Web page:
Movement (9): The probe tip 20 is again made to approach the surface in the X-direction (step S21). When YES at the next judgment step S22, the probe tip is retracted in the Z-direction (step S26), then the routine shifts to step S11.

As exceptional processing occurring during approach, a situation where the probe tip 20 never contacts the sample surface not matter how much time elapses may be envisioned. At this time, if measuring the idling distance or time and finding the tip and surface do not contact each other for more than certain values of the same, the processing is terminated, the probe tip is fed in the approach direction to a position a certain amount of feed from the previous contact position, and the approach direction is switched for the approach.

Note that here the control blocks shown in FIG. 8 will be explained in relation to the flow chart shown in FIG. 7. The X-, Y-, and Z-axes are independently controlled. The signals of FIG. 8 are treated as three-dimensional vectors. Therefore, the control blocks shown in FIG. 8 are provided for each of the X-, Y-, and Z-axes.

Z-direction probe tip approach: A force target value Fz is set, and the control switcher 408 is set to the A side. The force detection detects a flex signal which is used as a force feedback signal. Due to this, the probe tip can be made to approach the sample and stop in the contact state.

Z-direction probe tip retraction: A position target value Pz1 for retracting the probe tip 20 is set, and the control switcher is set to the B side. The displacement of the Z-fine movement mechanism is detected and used as the Z-feedback signal. When reaching the position target value, the movement is stopped.

X-direction probe tip feed: A position target value Px2 obtained by adding the amount of feed of the probe tip 20 to the current position is set, and the control switcher 408 is set at the B side. The displacement of the x-fine movement mechanism is detected and is used as the X-feedback signal. When reaching the position target value, the movement is stopped.

X-direction probe tip retraction: A position target value Px1 for retracting the probe tip 20 is set, and the control switcher is set to the B side. The displacement of the X-fine movement mechanism is detected and used as the X-feedback signal. When reaching the position target value, the movement is stopped.

X-direction probe tip approach: A force target value Fx is set, and the control switcher 408 is set to the A side. The force detection detects a torsional signal which is used as a force feedback signal. Due to this, the probe tip can be made to approach the sample and stop in the contact state.

Z-direction probe tip feed: A position target value Pz2 obtained by adding the amount of feed of the probe tip to the current position is set, and the control switcher 408 is set at the B side. The displacement of the Z-fine movement mechanism is detected and is used as the Z-feedback signal. When reaching the position target value, the movement is stopped.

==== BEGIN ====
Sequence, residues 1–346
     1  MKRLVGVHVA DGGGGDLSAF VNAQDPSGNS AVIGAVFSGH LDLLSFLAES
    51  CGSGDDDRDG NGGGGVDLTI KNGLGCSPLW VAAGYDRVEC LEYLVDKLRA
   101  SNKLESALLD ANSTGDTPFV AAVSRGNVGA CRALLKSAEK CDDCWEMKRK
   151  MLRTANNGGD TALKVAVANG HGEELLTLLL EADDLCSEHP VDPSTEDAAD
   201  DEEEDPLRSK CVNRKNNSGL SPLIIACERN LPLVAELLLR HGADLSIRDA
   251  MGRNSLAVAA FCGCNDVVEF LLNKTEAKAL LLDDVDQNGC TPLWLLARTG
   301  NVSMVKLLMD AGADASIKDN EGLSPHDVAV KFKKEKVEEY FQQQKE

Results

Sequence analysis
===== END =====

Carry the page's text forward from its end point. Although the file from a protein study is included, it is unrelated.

The configurations, shapes, sizes (thicknesses), and layouts explained in the above embodiments are only shown schematically to an extent enabling the present invention to be understood and worked. Further, the numerical values and compositions (materials) are only shown for illustration. Therefore, the present invention is not limited to the explained embodiments and can be changed in various ways within the scope of the technical idea shown in the claims.

INDUSTRIAL APPLICABILITY

The present invention provides an atomic force microscope or other scanning probe microscope that measures the surface shape of a silicon wafer or other sample on which a semiconductor device is fabricated. It uses force feedback control when controlling movement of the probe tip to suitably change the approach operation to the sample surface and improve the accuracy of measurement of a part having a gradient on the sample surface.

BRIEF DESCRIPTION OF THE DRAWINGS

FIG. 1 View of configuration showing the overall configuration of an example of a scanning probe microscope according to the present invention as constituted by an atomic force microscope system.

FIG. 2 A perspective view of the specific structure of a sample stage.

FIG. 3 A perspective view of the specific structure of a fine movement mechanism part for moving a probe tip.

FIG. 4 A view of a semiconductor production line including an automatic inspection process including a scanning probe microscope.

FIG. 5 A view for explaining the force applied to a cantilever and the amount of deformation occurring at the cantilever.

FIG. 6 A view of the characteristic state of movement of the probe tip at the sample surface.

FIG. 7 A flow chart of control of movement of the probe tip.

FIG. 8 A block diagram of control blocks relating to control of movement of the probe tip.

DESCRIPTION OF NOTATIONS

  • 11 sample stage
  • 12 sample
  • 14 XY-stage
  • 15 Z-stage
  • 16 sample holder
  • 20 probe tip
  • 21 cantilever
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Classifications
U.S. Classification73/105, 73/104, 250/307, 250/306, 29/429, 250/442.11
International ClassificationG01B21/30, G01B5/18, G21K7/00, G01Q30/02, G01Q60/24, G01Q10/04, G01Q10/06
Cooperative ClassificationB82Y35/00, G01Q10/06, G01Q30/06
European ClassificationB82Y35/00, G01Q10/06, G01Q30/06
Legal Events
DateCodeEventDescription
May 22, 2012FPExpired due to failure to pay maintenance fee
Effective date: 20120401
Apr 1, 2012LAPSLapse for failure to pay maintenance fees
Nov 14, 2011REMIMaintenance fee reminder mailed
Nov 29, 2006ASAssignment
Owner name: HITACHI KENKI FINE TECH. CO., LTD., JAPAN
Free format text: ASSIGNMENT OF ASSIGNORS INTEREST;ASSIGNORS:KURENUMA, TOORU;YANAGIMOTO, HIROAKI;KURODA, HIROSHI;AND OTHERS;REEL/FRAME:018581/0470
Effective date: 20060206